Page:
Designer and web usability pioneer Jeffrey Zeldman suggests one reason this is happening is due to a crisis in the field of interaction design itself. That there’s a downward arms race where web pages are polarized by designers as either ‘cool’ or ‘crap’, whereas the important thing is the focus on the immensely important usability aspect which exists in the vague middle ground. If you buy into the idea that the main thing people do online is read, you can easily see how the problem isn’t attention span, it’s the lack of quality things to read in specifically readable, accessible forms. In many ways it’s just as much a design problem as it is one of content and headline writing. Advertising and sharing options are laid out as barriers to reading, that services like Instapaper have seen and provided workable solutions for. The need to monetize websites is coming at the expense of the reader and the content, and it’s being presented as ‘people don’t read anymore online’. This isn’t true. More people read online than ever before (http://bit.ly/vA8YmU and http://bit.ly/sxzf0f). The issue isn’t that people don’t want to read electronically – the rise of the iPad and eReaders such as the immensely successful Kindle are concrete proof of that (as I’ve discussed before, just be careful about what you read in bed: http://bit.ly/tt7jU5). People love to read electronically, it’s just that there’s so many barriers under the thin guise of monetization that are concrete barriers to actually consuming that information within web pages. The problem is that they don’t have enough meaningful things to read. As a result, the content gets dumbed down to increasingly more digestible forms, the status quo begins to rule, and there’s less and less time spent reading longer form content. We skip from short-form list to short form list over paginated links and in and out of short video clips. There’s a strong argument that longer form video content is going to be a large part of how the web gets consumed in the near future.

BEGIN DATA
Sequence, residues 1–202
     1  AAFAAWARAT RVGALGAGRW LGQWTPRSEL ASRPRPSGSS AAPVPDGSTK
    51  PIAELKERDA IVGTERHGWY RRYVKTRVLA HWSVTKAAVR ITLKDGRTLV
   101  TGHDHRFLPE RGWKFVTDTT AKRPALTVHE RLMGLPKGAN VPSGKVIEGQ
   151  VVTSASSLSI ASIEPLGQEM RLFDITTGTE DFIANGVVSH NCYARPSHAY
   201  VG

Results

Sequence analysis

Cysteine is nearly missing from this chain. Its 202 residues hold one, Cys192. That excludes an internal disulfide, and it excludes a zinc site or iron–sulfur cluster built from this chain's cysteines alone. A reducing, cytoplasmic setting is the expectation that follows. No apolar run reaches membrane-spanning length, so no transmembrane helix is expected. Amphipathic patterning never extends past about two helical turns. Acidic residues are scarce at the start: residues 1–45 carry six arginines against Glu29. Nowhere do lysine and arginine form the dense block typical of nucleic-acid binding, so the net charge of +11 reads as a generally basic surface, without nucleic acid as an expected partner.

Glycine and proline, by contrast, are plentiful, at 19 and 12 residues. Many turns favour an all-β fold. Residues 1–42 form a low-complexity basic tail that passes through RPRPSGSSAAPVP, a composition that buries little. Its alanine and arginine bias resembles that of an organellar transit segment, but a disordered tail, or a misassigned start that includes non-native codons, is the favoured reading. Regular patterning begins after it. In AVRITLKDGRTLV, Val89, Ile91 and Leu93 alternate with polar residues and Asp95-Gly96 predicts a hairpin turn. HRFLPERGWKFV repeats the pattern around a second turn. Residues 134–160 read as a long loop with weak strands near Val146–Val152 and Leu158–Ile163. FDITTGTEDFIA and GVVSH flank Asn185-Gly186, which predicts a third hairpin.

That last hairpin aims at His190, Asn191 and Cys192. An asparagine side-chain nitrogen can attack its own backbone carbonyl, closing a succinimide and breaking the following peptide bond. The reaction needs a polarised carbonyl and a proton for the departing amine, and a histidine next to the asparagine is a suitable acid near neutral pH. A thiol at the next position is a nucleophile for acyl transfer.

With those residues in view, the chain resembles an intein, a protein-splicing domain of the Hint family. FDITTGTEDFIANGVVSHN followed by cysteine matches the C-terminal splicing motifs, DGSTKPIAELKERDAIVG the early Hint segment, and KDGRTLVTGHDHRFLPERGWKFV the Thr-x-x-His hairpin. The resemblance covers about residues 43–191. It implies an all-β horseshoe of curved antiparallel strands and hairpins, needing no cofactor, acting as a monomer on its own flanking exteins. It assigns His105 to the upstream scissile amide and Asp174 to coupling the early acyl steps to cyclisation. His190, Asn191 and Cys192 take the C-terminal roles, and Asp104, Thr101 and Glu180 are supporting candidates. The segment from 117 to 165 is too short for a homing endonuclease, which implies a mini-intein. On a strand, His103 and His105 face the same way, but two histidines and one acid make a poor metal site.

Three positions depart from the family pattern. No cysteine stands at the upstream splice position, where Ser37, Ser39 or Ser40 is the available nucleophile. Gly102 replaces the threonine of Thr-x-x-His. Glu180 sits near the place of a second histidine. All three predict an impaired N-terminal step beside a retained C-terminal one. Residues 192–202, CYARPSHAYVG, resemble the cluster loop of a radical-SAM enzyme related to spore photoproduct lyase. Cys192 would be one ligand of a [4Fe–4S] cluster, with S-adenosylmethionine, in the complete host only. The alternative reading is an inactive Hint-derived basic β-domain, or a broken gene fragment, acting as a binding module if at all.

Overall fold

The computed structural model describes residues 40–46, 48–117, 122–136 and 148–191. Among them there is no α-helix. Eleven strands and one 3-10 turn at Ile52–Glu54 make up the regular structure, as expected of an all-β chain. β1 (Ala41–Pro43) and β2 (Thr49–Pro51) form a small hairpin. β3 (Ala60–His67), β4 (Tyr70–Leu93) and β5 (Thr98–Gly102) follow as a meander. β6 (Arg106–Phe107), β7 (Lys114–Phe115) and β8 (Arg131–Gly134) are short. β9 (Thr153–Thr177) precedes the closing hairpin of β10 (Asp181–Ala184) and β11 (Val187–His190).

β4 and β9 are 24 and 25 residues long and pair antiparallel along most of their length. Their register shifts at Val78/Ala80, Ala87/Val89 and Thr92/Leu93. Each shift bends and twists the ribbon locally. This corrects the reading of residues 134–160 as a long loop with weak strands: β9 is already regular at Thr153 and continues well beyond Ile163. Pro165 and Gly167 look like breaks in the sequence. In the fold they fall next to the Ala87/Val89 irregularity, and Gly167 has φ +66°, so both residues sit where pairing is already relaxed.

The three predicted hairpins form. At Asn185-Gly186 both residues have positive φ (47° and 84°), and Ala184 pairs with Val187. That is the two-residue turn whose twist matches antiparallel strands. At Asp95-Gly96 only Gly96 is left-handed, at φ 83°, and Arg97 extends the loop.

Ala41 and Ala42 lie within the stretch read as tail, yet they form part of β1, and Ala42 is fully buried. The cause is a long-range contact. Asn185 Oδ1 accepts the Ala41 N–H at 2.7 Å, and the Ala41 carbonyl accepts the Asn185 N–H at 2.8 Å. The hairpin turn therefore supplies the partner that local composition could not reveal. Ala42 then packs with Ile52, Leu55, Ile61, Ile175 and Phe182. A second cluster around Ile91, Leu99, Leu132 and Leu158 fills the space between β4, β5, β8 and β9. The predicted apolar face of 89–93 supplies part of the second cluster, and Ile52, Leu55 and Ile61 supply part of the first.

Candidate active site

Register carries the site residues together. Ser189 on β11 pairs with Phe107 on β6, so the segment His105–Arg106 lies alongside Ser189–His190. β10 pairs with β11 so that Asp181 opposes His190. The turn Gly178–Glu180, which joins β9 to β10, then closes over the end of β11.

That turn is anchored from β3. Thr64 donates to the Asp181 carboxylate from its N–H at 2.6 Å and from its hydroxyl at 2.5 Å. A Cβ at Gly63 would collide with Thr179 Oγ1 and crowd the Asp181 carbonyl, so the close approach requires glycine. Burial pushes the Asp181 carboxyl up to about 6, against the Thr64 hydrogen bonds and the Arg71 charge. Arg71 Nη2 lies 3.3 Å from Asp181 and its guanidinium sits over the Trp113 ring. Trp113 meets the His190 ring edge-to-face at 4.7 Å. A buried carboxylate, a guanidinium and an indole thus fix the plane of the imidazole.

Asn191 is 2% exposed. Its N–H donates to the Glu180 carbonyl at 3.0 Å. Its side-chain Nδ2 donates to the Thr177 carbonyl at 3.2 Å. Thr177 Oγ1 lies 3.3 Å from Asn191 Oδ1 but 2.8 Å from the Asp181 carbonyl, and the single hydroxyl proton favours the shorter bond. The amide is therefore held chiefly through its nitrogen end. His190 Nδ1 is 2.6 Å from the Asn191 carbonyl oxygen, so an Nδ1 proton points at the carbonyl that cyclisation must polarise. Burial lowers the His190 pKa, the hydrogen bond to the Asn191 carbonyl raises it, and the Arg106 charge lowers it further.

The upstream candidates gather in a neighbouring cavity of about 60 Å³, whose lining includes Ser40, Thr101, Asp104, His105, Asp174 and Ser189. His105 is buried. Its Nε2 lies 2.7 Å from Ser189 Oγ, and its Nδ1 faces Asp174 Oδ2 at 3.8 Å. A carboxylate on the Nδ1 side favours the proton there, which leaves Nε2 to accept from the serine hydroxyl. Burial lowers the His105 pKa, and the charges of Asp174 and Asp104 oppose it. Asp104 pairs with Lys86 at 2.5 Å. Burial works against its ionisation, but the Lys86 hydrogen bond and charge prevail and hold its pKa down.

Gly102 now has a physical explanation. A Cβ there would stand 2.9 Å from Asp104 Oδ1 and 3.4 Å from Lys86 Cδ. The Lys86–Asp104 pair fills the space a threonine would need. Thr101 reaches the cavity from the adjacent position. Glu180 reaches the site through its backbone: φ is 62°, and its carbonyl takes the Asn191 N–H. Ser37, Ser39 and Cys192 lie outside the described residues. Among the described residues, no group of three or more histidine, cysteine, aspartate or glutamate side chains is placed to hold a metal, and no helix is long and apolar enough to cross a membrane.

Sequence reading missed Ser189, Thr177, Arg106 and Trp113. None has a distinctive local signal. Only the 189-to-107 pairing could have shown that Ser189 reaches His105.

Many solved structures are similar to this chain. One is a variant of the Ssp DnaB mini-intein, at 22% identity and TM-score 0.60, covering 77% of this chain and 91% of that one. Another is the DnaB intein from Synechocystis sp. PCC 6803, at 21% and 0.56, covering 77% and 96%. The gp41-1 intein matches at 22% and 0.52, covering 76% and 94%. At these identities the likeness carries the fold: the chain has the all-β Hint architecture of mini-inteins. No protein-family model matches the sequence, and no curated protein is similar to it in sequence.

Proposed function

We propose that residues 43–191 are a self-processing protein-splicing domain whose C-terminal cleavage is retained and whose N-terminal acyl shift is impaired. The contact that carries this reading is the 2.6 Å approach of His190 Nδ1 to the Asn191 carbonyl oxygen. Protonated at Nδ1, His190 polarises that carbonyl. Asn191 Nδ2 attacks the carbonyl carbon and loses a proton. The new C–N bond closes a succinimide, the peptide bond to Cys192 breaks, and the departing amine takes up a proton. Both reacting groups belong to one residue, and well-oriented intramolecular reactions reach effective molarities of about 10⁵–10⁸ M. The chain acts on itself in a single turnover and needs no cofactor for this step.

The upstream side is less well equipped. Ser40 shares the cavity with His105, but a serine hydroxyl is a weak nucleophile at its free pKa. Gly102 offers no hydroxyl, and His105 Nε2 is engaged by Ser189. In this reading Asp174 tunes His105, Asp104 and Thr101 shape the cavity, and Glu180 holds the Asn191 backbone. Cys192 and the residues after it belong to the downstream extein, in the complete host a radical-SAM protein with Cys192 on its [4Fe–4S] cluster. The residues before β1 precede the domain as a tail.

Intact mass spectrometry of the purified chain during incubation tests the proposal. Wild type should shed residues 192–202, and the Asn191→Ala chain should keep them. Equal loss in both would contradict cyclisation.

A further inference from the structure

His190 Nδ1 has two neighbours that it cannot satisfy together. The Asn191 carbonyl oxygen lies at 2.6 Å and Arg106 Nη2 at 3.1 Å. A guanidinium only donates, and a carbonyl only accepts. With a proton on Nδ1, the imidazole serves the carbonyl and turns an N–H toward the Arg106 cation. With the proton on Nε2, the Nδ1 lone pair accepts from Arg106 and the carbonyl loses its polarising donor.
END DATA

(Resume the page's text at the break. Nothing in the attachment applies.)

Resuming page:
“I was there because I just wanted to read something. Words. Black text on a white background, more-or-less. And what I saw – at a professional publication, a site with the purpose of giving people something good to read – was just about the farthest thing from readable.”
– Brent Simmons: ‘The Pummeling Pages’, Inessential
Many have characterized this problem as an over abundance of information being pushed daily at people. So much so that we’re all getting really skilled at ignoring things that are of no interest to us. Seth Godin talks about the importance of creating remarkable experiences in order to even remain visible in his infamous Purple Cow discussion (Here’s Seth’s amazing TED talk on this topic: http://bit.ly/4xNdUs). But it’s more than that – it’s not just the creation of content that holds our attention, it’s distribution that allows us to tune out the need for advertisers to get their message across, or layouts which make us vault the hurdle of the need to instantly share it all with our friends. This isn’t a new idea. In Quentin Hardy’s wonderful overview of David Weinberger’s recent books for the New York Times’s Bits Blog, he writes:
“The abundance problem of the Web, Mr. Weinberger said, is really an old one. The Roman philosopher Seneca talked about “too many books” (echoing Ecclesiastes 12:12, “of making many books there is no end.”) The issue nowadays is to some extent the need for good filters, pushing away information after centuries of seeking it.”